Stipe Miocic vs. Anthony Joshua

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Matt Dunham/Associated Press

STIPE MIOCIC
MMA RECORD: 17-2 (13 KO)
ACTIVE: 2010-PRESENT

ANTHONY JOSHUA
BOXING RECORD: 19-0 (19 KO)
ACTIVE: 2013-PRESENT

The current UFC heavyweight champion hasn’t been shy about his desire to box Joshua, who won a slice of the scattered heavyweight title with a knockout of Wladimir Klitschko earlier this year, in a theoretical big-money fight.

Miocic is a very good boxer for someone who competed solely on the amateur ranks in boxing. Still, in a boxing ring, Joshua reigns supreme as the baddest man on the planet. He has racked up gold and championships in a way few heavyweights over the past 20 years have, and he’d be far too much for Miocic to handle. But Miocic would probably last longer than Joshua would in a cage, at least, so there’s that.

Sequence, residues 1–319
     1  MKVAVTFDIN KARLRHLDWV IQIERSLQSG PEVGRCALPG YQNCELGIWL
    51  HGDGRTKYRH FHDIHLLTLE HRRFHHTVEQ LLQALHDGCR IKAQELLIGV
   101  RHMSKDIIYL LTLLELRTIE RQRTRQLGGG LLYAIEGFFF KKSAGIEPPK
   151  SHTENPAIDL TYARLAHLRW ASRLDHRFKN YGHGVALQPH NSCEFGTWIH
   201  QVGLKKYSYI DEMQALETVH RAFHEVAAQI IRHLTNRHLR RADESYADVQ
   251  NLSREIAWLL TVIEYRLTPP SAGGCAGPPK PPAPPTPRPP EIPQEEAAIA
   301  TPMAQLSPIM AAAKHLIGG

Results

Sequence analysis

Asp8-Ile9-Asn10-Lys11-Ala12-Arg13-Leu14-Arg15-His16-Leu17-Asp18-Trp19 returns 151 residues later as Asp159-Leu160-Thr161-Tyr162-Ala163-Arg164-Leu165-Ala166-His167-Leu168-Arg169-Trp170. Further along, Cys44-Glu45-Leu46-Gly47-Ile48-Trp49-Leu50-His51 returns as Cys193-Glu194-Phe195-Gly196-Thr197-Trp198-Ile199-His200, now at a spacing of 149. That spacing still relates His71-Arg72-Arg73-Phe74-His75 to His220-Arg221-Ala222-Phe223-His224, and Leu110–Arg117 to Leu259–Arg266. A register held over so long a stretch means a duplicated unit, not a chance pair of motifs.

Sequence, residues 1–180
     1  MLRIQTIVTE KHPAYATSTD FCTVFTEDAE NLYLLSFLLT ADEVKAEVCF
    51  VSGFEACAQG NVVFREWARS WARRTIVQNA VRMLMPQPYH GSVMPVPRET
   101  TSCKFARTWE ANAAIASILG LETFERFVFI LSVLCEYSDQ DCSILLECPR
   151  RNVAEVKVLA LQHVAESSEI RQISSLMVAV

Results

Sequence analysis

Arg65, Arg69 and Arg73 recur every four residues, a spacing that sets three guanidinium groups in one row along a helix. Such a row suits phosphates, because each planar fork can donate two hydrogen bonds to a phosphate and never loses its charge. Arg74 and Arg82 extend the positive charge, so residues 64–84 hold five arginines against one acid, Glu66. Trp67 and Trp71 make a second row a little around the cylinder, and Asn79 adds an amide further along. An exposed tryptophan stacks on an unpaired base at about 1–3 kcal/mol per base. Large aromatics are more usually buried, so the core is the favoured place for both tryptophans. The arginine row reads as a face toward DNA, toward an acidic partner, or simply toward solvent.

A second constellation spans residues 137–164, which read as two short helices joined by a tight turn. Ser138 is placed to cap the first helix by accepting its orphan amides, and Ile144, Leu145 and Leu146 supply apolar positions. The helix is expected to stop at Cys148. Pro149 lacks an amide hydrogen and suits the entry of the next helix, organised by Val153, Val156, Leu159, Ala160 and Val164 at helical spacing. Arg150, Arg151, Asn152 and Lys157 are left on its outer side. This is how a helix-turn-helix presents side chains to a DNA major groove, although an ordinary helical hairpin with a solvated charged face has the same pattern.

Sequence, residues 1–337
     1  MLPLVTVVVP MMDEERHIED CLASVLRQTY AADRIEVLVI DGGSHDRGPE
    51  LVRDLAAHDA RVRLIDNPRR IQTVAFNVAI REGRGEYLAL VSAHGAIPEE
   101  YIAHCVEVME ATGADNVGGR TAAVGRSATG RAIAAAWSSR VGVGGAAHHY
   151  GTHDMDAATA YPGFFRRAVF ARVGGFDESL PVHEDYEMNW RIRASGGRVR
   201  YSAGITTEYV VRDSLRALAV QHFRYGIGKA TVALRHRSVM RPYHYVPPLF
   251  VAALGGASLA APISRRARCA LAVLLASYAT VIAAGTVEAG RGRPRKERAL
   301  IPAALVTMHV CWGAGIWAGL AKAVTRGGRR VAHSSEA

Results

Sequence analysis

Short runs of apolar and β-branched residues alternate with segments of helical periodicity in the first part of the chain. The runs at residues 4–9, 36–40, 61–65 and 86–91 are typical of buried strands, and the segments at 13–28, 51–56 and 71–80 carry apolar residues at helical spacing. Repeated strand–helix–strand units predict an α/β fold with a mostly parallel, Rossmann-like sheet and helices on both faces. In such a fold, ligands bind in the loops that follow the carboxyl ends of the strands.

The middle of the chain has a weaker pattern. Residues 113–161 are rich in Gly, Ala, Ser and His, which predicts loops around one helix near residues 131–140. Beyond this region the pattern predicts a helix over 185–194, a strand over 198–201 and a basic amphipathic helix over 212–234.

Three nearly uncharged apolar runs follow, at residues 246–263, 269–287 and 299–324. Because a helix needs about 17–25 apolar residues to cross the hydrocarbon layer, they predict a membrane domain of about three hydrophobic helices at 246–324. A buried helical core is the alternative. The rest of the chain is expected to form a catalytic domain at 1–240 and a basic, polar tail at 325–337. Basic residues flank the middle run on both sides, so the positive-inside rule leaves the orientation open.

Roberto Duran vs. Cody Garbrandt

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John Locher/Associated Press

CODY GARBRANDT
MMA RECORD: 11-0 (9 KO)
ACTIVE: 2012-PRESENT

ROBERTO DURAN
BOXING RECORD: 103-16 (70 KO)
ACTIVE: 1968-2001

If you like all-action fights, this is the one for you.

Duran, the Panamanian brawler, became a combat legend for his technique and style, but above all it was his heart that set him apart from his peers. That’s if you discount the controversial “No Mas” fight against Sugar Ray Leonard, of course.

Garbrandt is the UFC’s bantamweight champion, but he’s still young in his career and has much ahead of him, and he looks disturbingly youngerwith his new creeper mustache. Still, he has traces of Duran in his mixed martial arts style, and he has a lengthy amateur boxing resume.

Fedor Emelianenko vs. Mike Tyson

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Josh Hedges/Forza LLC/Getty Images